6. Use a timer!
Out of all the writing tools and methods, this is the one I use the most. Writing sprints are a sure way to get words down and fast! I set one for ten minute intervals and write for ten minutes then goof off for ten minutes and then so on until I've written for a few hours or met my word count goal! It makes time fly and you don't feel burnt out because you always get a break! I recommend downloading MultiTimer. You can choose what type of timer you want, color code them, give them special icons and sounds, and use it for workouts and cooking too (which is an important part of self care, which I'll also write about in another post!).
7. Reward yourself when you do well
In general, society has taught us (not just writers, but humans) that hard work and dedication pay off, which is true, but it's also important to acknowledge when you're doing a good job. That's the part that seems to get lost in the hustle and if you're anything like me, you're so busy working with your head down to recognize when you've accomplished something great. Try to set yourself goals and then when you reach them, reward yourself! Make an Amazon Wishlist and buy yourself something off of it when you've jumped a particularly difficult hurdle. Draw yourself a bath and have a nice reading session after an all-nighter. Make plans with friends and do something frivolous and fun. Whatever your reward is, if you earn it, let yourself enjoy it and then you can get back to work--and working towards your next reward ;).
8. Set word count or chapter goals
This brings us to goals. If you simply start writing with no other motive than to finish the damn thing, it's much easier to succumb to writer's block. That's a great goal to have, but for most of us, we need something more to keep up momentum. Instead of such a lofty goal as Finishing The Book, make smaller milestones so you can achieve them in shorter periods of time. Go NaNoWriMo on your novel and make yourself write 2,000 words a day for 30 days. Give yourself a set amount of pages or chapters to finish per day/week/month and when you reach these goals, refer to number 6!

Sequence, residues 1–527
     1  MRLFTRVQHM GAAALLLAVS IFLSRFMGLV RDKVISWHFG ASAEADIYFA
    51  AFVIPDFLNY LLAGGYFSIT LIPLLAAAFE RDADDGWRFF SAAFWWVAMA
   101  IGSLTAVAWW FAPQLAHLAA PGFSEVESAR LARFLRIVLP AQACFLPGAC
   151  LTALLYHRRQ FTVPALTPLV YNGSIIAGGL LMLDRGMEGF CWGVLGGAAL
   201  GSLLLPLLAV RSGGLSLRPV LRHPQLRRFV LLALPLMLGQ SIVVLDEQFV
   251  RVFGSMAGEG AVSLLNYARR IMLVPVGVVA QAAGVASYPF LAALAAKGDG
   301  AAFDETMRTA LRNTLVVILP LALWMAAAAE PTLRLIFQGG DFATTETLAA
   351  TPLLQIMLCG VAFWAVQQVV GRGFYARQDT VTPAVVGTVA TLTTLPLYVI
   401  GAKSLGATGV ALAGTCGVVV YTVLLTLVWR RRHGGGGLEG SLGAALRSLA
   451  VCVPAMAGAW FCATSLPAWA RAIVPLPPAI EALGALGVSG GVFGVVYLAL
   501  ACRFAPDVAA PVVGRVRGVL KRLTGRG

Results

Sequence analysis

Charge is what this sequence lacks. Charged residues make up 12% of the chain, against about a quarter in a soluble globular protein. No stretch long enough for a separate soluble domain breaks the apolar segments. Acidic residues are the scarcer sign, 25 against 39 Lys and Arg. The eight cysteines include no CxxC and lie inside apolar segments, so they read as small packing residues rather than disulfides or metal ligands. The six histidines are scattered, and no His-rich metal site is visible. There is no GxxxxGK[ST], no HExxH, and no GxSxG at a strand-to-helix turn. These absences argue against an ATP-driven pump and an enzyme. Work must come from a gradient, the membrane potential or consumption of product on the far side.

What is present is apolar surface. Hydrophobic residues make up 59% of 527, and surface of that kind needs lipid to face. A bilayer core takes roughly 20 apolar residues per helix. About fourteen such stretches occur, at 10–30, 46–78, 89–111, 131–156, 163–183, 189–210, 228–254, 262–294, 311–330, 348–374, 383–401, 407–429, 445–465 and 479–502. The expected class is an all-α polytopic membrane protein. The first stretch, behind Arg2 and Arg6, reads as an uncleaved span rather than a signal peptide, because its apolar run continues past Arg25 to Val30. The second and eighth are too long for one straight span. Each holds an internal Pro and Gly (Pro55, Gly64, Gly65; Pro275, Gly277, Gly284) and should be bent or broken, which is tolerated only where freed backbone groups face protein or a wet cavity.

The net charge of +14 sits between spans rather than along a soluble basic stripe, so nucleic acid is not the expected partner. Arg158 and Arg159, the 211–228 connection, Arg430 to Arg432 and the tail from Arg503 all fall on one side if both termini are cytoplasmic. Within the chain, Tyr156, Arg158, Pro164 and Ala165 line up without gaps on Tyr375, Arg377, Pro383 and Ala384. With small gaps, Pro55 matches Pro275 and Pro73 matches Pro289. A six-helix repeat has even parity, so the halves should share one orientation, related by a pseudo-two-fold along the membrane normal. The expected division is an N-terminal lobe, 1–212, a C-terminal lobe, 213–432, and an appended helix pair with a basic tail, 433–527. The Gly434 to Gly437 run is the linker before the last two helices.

9. Break things down
Sometimes word count or chapter goals are still too large to wrap your mind around. In this case, I suggest breaking down the chapter into small, manageable chunks you can bang out in one session. This could mean breaking it into scenes, dialog, or whatever! It's up to you and you're creative, right? Write down what each smaller increment is and check them off as you finish each task. It sounds silly and maybe even childish, but giving yourself the proverbial gold star for being a good writer is often a great motivator.
10. When all else fails, walk away
This might seem like the worst option right now. You have a book to write, you have characters to torture and plots to devise. You don't have time to leave the computer, let alone the house! Take a breath. Sometimes, when all else fails, staring at a mountain that won't move isn't going change your current situation. Go for a walk outside, go grocery shopping, take a shower, do the dishes, bake a cake. Do something that isn't writing for a tiny bit. This could be a few hours, a day, or a week. Try not to pressure yourself during this time. Make yourself comfortable with your non-writer mind so when you sit back down in front of that screen you're ready to jump back in. You'll be surprised at how much this clears the path for getting that book done.
That's all for this week! Have any tips form breaking that block? Let us know!